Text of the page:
|Terre Haute (I stole this from the Internet. Work with me, my writing's not good enough to survive without some pictures)|
Which went well for a couple weeks, until, BAM, achilles/calf pain. We cut back significantly on the running mileage for a while as I got treatment, but things just kept getting worse and worse while I no longer felt like I was running or even jogging, but instead was hobbling through my training. After a few weeks of that, I waved the white flag and stopped running altogether for 8 days or so. When it no longer hurt to walk around, I eased back into things. And I mean, seriously eased. As in... starting with 15 minutes of EASY running at a time. I've only been easing back in for about two weeks now.
The time off was a good call. Once I got back into running, I finally felt like I was actually running, not just surviving. Last weekend, I did a 5ish mile run with Blaine (my "long" run, his taper run the weekend before Ironman Texas) and felt about as good as I had in months.
So for some reason that still eludes me, once I got through that run feeling like I was actually running (finally!) I started trying to find a triathlon to do the following weekend, knowing that conditioning-wise the run could be ugly but trying to convince myself that I didn't care. Time to get back in the saddle again.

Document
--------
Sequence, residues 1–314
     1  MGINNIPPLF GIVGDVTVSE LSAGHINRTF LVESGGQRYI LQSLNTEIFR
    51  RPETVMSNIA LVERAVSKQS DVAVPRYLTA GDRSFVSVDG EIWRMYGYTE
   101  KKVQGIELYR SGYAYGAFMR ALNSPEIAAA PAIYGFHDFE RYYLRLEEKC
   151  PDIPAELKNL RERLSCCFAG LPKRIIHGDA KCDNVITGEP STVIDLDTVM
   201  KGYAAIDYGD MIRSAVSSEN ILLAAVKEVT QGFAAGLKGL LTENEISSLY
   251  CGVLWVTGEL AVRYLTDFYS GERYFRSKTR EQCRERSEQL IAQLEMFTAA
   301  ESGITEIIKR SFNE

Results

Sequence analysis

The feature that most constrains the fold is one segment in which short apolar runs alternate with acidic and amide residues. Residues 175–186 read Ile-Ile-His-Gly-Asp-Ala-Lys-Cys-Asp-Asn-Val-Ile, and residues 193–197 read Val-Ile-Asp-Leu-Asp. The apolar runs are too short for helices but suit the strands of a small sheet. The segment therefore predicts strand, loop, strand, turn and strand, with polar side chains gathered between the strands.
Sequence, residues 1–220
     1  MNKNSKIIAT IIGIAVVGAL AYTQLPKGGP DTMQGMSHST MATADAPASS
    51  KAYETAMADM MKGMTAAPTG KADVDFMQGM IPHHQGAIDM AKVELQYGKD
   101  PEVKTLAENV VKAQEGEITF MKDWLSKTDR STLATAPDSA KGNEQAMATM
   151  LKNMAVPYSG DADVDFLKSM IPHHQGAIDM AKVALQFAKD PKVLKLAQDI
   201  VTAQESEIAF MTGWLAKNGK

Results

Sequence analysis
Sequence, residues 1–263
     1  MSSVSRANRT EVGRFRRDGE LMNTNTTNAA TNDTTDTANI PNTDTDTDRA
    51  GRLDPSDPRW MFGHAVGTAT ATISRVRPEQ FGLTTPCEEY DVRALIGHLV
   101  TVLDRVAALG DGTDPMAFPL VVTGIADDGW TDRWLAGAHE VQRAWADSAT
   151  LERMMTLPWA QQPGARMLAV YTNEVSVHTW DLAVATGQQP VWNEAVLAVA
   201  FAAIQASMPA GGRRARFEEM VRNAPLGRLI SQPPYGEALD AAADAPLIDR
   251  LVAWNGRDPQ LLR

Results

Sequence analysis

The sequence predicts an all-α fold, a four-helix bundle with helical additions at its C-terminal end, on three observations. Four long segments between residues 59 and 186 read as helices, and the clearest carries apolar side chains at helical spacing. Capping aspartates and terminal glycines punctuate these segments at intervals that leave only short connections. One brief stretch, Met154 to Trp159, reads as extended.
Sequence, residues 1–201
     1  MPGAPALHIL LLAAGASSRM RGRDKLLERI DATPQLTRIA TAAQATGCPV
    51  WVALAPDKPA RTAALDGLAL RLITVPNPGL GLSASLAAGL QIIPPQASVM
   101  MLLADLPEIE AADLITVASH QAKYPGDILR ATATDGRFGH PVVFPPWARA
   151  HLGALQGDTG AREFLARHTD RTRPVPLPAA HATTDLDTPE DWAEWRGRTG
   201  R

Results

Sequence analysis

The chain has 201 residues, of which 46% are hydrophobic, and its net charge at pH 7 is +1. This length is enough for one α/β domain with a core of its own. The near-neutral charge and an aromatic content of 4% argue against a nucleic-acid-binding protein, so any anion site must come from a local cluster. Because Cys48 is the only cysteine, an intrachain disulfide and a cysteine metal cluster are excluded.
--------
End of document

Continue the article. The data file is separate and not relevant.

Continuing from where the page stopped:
The really competitive race in the area this weekend was Galena, a hilly, beast of a course that always attracts the top Chicago talent. Honestly, I wanted no part of it. I'm not afraid to admit that at this point, I wanted to dodge the competition as much as possible. With my still-healing leg, the hills weren't enticing, either. And then, of course, that race was sold out. Phew.